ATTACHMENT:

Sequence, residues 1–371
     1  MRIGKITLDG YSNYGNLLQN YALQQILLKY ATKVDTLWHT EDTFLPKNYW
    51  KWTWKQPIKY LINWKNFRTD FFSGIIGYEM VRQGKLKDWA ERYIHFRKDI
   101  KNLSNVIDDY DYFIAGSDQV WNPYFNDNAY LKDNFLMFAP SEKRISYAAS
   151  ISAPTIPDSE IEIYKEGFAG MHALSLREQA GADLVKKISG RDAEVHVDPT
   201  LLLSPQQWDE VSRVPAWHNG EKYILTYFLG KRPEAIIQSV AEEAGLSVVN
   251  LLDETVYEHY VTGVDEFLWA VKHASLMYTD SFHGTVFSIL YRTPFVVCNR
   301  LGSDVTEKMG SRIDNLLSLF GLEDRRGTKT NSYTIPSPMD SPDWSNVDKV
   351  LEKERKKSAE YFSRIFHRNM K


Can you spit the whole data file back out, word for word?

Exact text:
Sequence, residues 1–371
     1  MRIGKITLDG YSNYGNLLQN YALQQILLKY ATKVDTLWHT EDTFLPKNYW
    51  KWTWKQPIKY LINWKNFRTD FFSGIIGYEM VRQGKLKDWA ERYIHFRKDI
   101  KNLSNVIDDY DYFIAGSDQV WNPYFNDNAY LKDNFLMFAP SEKRISYAAS
   151  ISAPTIPDSE IEIYKEGFAG MHALSLREQA GADLVKKISG RDAEVHVDPT
   201  LLLSPQQWDE VSRVPAWHNG EKYILTYFLG KRPEAIIQSV AEEAGLSVVN
   251  LLDETVYEHY VTGVDEFLWA VKHASLMYTD SFHGTVFSIL YRTPFVVCNR
   301  LGSDVTEKMG SRIDNLLSLF GLEDRRGTKT NSYTIPSPMD SPDWSNVDKV
   351  LEKERKKSAE YFSRIFHRNM K